By February 24, 1836 Colonel William Travis realized that the situation at the Alamo was becoming increasingly desperate. He sent a famous letter to the convention of Texas patriots that were meeting at Washington-on-the-Brazos. In the letter Travis describes the mounting threat the overwhelming Mexican force poised to the defenders and requested reinforcements. He concludes the letter with the famous line “Victory or Death!” A rider departed the Alamo under the cover of darkness that evening and delivered it to the convention. By March 16 the letter and Travis’ final words had spread across Texas to New Orleans and from there across the United States. It would become a rallying cry for Texas independence.

On March 6, 2016 I encourage you to take a moment and reflect on this famous battle that occurred nearly two centuries ago, the men who died, and the lessons we can learn. Some historians argue this was one of the most important battles in the 19th century. The Battle of the Alamo allowed time for the Texas Army to prepare and eventually defeat Santa Anna at San Jacinto roughly a month later. This resulted in the creation of the Republic of Texas that would join the United States in 1845. The subsequent war with Mexico ended not only with an American victory, but the United States expanded its territory from the Atlantic to the Pacific. This relatively small battle and the efforts of the 180 defenders of the Alamo set the stage for the establishment of the continental United States.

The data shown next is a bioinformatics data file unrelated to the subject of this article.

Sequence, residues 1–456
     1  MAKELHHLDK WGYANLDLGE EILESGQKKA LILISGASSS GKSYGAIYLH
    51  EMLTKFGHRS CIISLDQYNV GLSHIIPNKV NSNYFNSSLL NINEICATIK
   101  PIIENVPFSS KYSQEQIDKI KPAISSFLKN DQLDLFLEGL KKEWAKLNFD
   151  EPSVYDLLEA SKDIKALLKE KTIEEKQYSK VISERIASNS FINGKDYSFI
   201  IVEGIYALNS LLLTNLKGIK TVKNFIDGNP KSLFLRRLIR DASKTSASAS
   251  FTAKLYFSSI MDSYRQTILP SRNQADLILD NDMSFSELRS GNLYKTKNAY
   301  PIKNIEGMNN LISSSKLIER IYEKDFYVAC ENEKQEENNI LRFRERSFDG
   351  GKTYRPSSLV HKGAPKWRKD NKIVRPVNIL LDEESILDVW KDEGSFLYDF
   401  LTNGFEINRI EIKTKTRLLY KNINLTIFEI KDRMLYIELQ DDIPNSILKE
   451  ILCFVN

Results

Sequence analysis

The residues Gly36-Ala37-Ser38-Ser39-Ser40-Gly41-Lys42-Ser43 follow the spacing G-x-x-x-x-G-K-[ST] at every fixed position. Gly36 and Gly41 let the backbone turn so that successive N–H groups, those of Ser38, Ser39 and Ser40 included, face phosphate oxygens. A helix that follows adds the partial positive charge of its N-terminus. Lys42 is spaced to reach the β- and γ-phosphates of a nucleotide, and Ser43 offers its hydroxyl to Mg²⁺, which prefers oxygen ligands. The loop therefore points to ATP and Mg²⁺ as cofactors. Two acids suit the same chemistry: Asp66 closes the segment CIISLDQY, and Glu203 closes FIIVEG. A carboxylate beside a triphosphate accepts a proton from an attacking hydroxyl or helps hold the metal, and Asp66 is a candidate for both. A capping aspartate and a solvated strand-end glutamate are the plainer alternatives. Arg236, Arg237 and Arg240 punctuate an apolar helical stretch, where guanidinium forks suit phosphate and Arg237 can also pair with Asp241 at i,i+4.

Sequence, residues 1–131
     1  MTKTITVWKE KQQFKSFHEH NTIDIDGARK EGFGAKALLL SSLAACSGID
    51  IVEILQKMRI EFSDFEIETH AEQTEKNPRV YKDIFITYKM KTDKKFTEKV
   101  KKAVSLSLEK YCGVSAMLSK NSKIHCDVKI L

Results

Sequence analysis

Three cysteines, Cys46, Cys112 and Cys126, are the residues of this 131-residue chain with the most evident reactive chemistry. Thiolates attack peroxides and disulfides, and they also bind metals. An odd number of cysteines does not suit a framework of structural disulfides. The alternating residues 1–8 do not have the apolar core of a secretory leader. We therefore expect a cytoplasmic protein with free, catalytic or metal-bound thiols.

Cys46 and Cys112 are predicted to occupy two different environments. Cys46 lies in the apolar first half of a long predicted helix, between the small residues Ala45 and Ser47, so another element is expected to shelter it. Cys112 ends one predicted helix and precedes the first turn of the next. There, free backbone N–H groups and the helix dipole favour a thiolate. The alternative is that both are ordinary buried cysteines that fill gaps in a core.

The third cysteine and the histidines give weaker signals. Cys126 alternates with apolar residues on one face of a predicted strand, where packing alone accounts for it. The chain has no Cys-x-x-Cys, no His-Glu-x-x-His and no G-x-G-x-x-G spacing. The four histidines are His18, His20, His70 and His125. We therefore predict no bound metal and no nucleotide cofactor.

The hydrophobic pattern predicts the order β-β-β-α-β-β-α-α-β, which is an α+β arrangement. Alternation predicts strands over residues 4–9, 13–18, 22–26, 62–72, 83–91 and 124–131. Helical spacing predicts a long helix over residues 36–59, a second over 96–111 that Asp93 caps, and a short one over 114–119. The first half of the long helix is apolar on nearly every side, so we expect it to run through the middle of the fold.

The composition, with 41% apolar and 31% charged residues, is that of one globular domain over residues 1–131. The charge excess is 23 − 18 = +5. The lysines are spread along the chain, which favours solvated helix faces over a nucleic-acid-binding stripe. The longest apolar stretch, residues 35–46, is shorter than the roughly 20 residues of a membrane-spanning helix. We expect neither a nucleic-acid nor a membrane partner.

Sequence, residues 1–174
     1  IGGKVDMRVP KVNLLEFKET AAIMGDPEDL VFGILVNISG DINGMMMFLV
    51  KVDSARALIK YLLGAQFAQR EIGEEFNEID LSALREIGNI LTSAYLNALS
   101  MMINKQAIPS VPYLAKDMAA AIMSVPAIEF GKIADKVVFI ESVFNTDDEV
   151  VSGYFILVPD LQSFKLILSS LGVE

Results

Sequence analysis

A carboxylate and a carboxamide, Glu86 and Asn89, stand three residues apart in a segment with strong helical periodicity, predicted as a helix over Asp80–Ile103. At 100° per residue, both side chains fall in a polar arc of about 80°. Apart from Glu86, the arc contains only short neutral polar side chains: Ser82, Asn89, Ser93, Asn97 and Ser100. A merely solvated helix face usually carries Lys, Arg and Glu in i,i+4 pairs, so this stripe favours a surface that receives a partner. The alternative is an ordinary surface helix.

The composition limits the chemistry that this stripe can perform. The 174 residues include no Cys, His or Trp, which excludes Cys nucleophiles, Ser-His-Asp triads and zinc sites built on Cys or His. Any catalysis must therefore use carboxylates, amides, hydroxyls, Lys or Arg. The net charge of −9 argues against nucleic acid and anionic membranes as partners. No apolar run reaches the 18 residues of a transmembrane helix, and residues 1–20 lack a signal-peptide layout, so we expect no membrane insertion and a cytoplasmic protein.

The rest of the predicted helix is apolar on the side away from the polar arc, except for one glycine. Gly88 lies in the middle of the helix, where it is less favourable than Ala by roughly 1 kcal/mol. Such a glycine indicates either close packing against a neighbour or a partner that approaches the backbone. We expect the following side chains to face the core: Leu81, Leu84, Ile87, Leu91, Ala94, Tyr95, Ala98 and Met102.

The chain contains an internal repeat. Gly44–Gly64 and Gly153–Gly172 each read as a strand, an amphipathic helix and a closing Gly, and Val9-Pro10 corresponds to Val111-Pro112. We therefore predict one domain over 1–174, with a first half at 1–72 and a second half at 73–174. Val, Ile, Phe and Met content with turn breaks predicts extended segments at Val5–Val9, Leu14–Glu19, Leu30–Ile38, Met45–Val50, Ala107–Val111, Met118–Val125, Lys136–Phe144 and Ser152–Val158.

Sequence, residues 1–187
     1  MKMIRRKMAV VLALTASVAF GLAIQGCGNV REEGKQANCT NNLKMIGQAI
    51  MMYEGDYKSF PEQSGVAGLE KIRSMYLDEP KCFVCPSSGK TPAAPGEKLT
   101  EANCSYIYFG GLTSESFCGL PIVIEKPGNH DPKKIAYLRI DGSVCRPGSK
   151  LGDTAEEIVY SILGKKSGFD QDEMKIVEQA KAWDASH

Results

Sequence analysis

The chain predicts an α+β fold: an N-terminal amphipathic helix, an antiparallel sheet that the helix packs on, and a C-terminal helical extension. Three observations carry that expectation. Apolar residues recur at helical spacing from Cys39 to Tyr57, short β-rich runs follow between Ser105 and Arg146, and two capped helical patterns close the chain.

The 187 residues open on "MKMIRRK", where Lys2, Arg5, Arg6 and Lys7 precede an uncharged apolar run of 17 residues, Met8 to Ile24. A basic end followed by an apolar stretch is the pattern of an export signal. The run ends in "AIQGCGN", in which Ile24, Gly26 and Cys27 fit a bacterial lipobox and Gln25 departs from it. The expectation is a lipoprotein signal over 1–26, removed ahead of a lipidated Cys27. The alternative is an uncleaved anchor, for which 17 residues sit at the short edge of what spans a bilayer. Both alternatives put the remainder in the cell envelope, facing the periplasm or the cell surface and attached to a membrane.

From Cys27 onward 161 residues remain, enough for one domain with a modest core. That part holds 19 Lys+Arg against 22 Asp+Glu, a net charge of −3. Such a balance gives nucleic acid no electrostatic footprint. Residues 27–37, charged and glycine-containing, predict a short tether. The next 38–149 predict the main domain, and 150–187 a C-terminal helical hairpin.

Dr. Jeffrey McCausland, Founder and CEO of Diamond6 Leadership, LLC is a retired Army Colonel with over 30 years of unique and challenging leadership experiences. As a retired military officer and veteran Jeff’s work has taken him all over the world serving in a variety of command and staff positions in places such as the on National Security Council Staff, U.S. Army War College in Carlisle, PA, and the Pentagon.